London (AFP) Jan 12, 2011
British airports operator BAA said on Wednesday that the recent harsh wintry weather, which sparked travel chaos, had cost it about 24 million pounds (29 million euros, $38 million).
The Spanish-owned firm, which operates six airports in Britain, was widely criticised over its handling of the freezing weather conditions that gripped much of Britain over the crucial Christmas holiday period.
"All of BAA's airports were affected by severe weather to some extent in December and the resulting disruption is estimated to have affected profits across BAA ... by approximately 24 million pounds," it said in a statement.
BAA operates London's Heathrow and Stansted airports, as well as Southampton in southern England and Aberdeen in Scotland.
Heathrow was particularly hard hit by the winter travel chaos.
Heavy snow and thick ice all but closed the busiest international passenger air hub in the world late last month, stranding hundreds and exacting a humble apology from BAA chief executive Colin Matthews.
"The approximate financial cost by airport, measured in terms of the reduction in profit, was 19 million pounds at Heathrow, 1.0 million pounds at Stansted and 4.0 million pounds across the group's four other UK airports of Aberdeen, Edinburgh, Glasgow and Southampton," BAA said.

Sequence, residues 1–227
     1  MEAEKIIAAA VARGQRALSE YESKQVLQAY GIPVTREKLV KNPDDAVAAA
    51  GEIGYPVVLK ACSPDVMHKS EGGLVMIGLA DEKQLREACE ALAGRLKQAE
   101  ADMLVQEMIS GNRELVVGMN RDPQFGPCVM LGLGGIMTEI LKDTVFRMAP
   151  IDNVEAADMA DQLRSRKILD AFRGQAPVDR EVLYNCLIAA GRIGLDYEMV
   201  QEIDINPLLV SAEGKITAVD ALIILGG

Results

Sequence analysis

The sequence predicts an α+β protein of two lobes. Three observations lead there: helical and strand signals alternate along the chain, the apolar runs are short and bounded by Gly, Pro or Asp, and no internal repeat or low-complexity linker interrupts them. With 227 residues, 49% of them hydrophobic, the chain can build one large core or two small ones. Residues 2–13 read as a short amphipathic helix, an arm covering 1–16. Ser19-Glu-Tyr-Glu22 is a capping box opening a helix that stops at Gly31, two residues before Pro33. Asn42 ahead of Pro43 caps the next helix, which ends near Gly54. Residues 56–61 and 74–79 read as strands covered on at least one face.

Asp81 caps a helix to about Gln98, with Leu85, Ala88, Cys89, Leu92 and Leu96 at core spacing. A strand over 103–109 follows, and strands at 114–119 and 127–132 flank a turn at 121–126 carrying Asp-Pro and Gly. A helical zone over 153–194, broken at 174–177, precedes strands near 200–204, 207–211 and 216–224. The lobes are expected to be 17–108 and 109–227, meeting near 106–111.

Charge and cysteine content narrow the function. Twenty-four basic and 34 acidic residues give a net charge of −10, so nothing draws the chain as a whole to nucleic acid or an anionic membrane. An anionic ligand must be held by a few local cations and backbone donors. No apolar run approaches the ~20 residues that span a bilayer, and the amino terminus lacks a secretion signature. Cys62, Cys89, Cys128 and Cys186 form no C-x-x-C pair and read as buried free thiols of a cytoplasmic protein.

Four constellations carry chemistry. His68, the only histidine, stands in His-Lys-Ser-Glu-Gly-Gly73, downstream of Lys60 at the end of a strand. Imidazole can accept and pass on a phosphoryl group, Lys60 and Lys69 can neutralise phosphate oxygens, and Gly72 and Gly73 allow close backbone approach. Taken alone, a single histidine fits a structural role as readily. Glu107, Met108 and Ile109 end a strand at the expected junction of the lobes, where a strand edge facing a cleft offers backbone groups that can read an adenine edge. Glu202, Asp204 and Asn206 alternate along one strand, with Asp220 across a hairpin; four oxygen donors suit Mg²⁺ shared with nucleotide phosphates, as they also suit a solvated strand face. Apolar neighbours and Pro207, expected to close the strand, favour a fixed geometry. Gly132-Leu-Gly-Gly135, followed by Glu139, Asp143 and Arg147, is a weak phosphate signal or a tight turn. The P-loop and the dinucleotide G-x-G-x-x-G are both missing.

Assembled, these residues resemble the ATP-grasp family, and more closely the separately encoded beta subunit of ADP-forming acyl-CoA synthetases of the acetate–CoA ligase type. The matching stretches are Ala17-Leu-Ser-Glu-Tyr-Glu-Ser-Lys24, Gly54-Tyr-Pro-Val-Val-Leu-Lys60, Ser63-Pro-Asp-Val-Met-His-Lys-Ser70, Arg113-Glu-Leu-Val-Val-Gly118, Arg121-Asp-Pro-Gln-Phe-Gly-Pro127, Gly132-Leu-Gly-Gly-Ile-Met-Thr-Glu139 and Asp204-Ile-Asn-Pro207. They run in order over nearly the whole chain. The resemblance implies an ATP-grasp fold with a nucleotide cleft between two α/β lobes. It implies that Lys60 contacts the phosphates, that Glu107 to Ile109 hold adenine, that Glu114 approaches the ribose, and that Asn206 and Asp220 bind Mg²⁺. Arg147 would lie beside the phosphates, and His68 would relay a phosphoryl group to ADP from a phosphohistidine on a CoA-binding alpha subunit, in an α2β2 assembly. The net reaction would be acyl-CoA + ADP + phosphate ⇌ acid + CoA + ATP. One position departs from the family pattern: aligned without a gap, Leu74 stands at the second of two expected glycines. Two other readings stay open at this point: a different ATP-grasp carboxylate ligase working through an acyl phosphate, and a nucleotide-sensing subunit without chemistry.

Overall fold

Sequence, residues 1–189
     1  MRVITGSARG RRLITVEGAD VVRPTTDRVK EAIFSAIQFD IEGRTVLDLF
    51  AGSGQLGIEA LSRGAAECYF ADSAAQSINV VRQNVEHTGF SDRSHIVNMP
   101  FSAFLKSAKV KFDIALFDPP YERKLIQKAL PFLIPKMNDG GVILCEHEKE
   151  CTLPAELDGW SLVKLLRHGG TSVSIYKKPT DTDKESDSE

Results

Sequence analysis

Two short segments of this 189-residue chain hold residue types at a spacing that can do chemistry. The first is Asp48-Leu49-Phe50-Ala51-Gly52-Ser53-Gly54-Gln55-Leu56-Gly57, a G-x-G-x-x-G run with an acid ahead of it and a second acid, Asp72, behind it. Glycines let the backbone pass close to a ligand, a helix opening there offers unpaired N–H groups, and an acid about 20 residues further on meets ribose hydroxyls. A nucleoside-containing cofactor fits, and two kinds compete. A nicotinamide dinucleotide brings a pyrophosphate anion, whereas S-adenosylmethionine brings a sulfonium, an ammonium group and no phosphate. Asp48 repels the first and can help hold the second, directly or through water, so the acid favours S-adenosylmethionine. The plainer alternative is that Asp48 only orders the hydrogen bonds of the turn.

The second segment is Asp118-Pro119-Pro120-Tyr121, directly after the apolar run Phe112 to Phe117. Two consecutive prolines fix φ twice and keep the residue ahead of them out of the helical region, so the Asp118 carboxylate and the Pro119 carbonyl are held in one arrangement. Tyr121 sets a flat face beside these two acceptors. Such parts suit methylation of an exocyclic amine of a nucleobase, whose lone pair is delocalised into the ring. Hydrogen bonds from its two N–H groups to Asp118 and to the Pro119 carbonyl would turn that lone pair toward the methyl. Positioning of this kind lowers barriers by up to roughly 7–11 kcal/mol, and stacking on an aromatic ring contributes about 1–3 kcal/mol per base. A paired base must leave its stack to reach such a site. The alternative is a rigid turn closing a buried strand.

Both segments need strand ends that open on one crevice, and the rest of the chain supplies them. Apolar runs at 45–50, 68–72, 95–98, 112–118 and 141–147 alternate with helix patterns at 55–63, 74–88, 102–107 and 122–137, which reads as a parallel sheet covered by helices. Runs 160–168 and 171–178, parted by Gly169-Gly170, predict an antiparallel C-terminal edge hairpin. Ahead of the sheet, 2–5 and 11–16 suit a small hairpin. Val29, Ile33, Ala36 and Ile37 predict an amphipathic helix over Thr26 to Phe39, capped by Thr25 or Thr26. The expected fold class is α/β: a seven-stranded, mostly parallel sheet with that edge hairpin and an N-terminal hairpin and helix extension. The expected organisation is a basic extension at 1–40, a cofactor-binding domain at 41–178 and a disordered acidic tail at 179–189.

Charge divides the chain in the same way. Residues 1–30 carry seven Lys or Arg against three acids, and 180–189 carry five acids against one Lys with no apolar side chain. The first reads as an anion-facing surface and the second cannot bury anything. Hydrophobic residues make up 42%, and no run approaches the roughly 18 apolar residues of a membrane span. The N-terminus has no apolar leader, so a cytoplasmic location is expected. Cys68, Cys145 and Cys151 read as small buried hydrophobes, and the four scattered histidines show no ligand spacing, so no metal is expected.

"The reduction in profits partly reflects lower revenues, principally in terms of lost aeronautical income driven by reduced passenger traffic."
The company, which was bought by Spanish construction group Ferrovial in 2006, also said overall passenger numbers plunged by 11 percent compared with December 2009 as a result of the snow.
BAA has meanwhile set up an independent inquiry into the poor performance of its Heathrow operations last month. The findings are due in March.
In a separate statement on Wednesday, the National Air Traffic Services said the total number of flights in British airspace fell by 6.6 percent in December.
NATS said the number of flights over 2010 sank by 4.3 percent, blaming the severe travel chaos sparked by the snowy weather and the Icelandic volcanic ash cloud in April.
"The effect of the severe winter weather and the ash cloud contributed to a 4.3 percent decrease in the number of aircraft in UK controlled airspace last year," NATS said.
"The reduction can be attributed in part to the impact of the freezing spells in November and December -- both in the UK and abroad -- and the volcanic ash cloud in April and May."
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It's A White Out at TerraDaily.com
Seoul warns of blackouts, calls for long johns
Seoul (AFP) Jan 12, 2011
The government urged South Koreans Wednesday to dig out their thermal underwear and turn down the heating, warning that some areas may otherwise face electricity blackouts amid unusually cold weather. Knowledge Economy Minister Choi Kyung-Hwan said electricity demand has hit a new record three times this winter so far. "Amid the sudden surge of electricity demand... we may experience bl ... read more
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